You should also consider wear and tear, and the cost of replacement parts. An electric DC motor will usually have more moving parts that are more costly to replace. For cheaper repairs, you’ll want an AC electric motor.

Need to buy the perfect motor for the job? We’ve got what you need! Check out our selection here.

The Difference Between DC and AC Motors

Looking for a new motor?

It’s important to know the difference between DC and AC motors before you make your purchase.

While DC and AC motors perform the same function, there are some critical distinctions to keep in mind.

Read on to learn more.

Power source

AC motors rely on an alternating current (A.C.) for their power. This involves an electric current that changes back and forth over time.

On the other hand, DC motors use a direct current power source (D.C.) in order to operate. Direct current power sources include batteries, solar cells, and DC power converters.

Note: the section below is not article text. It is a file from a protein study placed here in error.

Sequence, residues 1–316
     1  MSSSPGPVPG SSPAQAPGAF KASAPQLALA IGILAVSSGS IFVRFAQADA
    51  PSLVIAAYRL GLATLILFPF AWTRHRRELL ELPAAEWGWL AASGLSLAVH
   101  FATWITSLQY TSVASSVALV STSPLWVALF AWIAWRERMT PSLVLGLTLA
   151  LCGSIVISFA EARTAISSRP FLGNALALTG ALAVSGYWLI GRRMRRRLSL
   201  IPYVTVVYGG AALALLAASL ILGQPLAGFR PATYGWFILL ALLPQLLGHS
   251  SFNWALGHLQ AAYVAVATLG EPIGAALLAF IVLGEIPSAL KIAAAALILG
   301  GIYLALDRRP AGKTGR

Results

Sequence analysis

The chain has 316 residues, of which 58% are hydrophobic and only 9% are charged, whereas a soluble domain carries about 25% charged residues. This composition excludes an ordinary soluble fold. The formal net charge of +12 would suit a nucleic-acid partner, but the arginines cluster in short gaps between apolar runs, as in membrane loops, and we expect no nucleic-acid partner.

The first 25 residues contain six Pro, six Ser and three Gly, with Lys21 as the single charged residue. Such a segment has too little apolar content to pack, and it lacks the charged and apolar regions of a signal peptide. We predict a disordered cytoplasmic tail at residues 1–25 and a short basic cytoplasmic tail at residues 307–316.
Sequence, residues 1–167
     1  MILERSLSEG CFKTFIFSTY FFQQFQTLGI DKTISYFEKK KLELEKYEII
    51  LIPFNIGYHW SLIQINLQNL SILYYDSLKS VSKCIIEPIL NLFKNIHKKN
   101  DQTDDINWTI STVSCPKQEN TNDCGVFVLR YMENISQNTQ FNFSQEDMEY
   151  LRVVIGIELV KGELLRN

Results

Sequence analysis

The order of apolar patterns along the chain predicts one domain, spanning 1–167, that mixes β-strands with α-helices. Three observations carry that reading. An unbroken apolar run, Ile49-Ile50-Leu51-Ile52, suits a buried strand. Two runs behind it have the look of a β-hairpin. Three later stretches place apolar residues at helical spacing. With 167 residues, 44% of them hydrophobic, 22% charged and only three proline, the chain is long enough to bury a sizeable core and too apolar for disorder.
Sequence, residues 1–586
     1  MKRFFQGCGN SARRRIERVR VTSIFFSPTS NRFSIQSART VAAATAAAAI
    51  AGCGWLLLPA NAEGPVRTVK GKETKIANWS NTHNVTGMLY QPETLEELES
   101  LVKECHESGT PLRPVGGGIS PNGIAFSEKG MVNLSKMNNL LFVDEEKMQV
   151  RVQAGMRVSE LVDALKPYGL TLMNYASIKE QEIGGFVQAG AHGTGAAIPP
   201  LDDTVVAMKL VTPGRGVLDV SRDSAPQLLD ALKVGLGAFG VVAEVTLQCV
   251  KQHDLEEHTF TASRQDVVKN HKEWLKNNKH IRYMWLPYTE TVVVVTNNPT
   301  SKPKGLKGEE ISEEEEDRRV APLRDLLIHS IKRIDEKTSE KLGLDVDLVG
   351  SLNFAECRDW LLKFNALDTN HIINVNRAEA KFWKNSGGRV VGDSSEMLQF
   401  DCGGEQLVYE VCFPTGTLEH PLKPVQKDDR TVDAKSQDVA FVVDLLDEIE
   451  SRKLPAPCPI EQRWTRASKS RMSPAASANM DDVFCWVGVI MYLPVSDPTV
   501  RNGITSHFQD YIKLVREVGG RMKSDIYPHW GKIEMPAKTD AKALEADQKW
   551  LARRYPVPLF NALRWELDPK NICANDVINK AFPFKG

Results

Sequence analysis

AC motors require external assistance in beginning their operation. DC motors can start on their own.

Types

There are two different types of AC motors: Induction and synchronous motors.

Induction AC motors rely on an induced current while synchronous AC motors rotate at supply frequency.

AC motors can be single or three phase.

There are also two types of DC motors: a DC motor with brushes, and one without brushes.

All DC motors are single phase.

Construction and Maintenance

An AC motor incorporates a stator and rotor and several other components.

Because AC motors do not require brushes, they don’t necessitate a lot of maintenance.

DC motors are commutated mechanically. This means that they require more maintenance than AC motors.